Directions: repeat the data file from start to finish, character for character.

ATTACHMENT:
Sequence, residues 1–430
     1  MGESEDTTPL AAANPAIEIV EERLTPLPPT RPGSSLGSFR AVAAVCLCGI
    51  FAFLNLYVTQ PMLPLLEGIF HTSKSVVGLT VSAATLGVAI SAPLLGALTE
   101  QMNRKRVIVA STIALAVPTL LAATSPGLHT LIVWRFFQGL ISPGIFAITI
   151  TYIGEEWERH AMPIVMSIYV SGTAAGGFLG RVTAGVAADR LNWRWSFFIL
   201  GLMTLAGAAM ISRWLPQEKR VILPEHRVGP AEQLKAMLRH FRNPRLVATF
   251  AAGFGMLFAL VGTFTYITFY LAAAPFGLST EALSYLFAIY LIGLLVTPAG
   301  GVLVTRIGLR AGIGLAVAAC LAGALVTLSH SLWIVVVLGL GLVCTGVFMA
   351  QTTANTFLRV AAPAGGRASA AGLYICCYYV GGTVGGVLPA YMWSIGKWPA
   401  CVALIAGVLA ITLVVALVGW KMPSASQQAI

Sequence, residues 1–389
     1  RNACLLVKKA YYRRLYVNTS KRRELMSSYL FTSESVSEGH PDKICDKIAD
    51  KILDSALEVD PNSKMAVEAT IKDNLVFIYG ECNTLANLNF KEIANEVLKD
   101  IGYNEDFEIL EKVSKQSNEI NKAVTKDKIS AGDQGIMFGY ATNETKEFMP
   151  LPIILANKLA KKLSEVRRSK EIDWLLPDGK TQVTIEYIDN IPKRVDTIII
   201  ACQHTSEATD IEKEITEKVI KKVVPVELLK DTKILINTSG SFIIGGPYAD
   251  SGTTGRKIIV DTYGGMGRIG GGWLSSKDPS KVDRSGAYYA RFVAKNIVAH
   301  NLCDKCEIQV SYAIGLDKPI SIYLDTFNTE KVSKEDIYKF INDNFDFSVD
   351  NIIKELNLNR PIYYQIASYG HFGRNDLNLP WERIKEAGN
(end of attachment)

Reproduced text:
Sequence, residues 1–430
     1  MGESEDTTPL AAANPAIEIV EERLTPLPPT RPGSSLGSFR AVAAVCLCGI
    51  FAFLNLYVTQ PMLPLLEGIF HTSKSVVGLT VSAATLGVAI SAPLLGALTE
   101  QMNRKRVIVA STIALAVPTL LAATSPGLHT LIVWRFFQGL ISPGIFAITI
   151  TYIGEEWERH AMPIVMSIYV SGTAAGGFLG RVTAGVAADR LNWRWSFFIL
   201  GLMTLAGAAM ISRWLPQEKR VILPEHRVGP AEQLKAMLRH FRNPRLVATF
   251  AAGFGMLFAL VGTFTYITFY LAAAPFGLST EALSYLFAIY LIGLLVTPAG
   301  GVLVTRIGLR AGIGLAVAAC LAGALVTLSH SLWIVVVLGL GLVCTGVFMA
   351  QTTANTFLRV AAPAGGRASA AGLYICCYYV GGTVGGVLPA YMWSIGKWPA
   401  CVALIAGVLA ITLVVALVGW KMPSASQQAI

Sequence, residues 1–389
     1  RNACLLVKKA YYRRLYVNTS KRRELMSSYL FTSESVSEGH PDKICDKIAD
    51  KILDSALEVD PNSKMAVEAT IKDNLVFIYG ECNTLANLNF KEIANEVLKD
   101  IGYNEDFEIL EKVSKQSNEI NKAVTKDKIS AGDQGIMFGY ATNETKEFMP
   151  LPIILANKLA KKLSEVRRSK EIDWLLPDGK TQVTIEYIDN IPKRVDTIII
   201  ACQHTSEATD IEKEITEKVI KKVVPVELLK DTKILINTSG SFIIGGPYAD
   251  SGTTGRKIIV DTYGGMGRIG GGWLSSKDPS KVDRSGAYYA RFVAKNIVAH
   301  NLCDKCEIQV SYAIGLDKPI SIYLDTFNTE KVSKEDIYKF INDNFDFSVD
   351  NIIKELNLNR PIYYQIASYG HFGRNDLNLP WERIKEAGN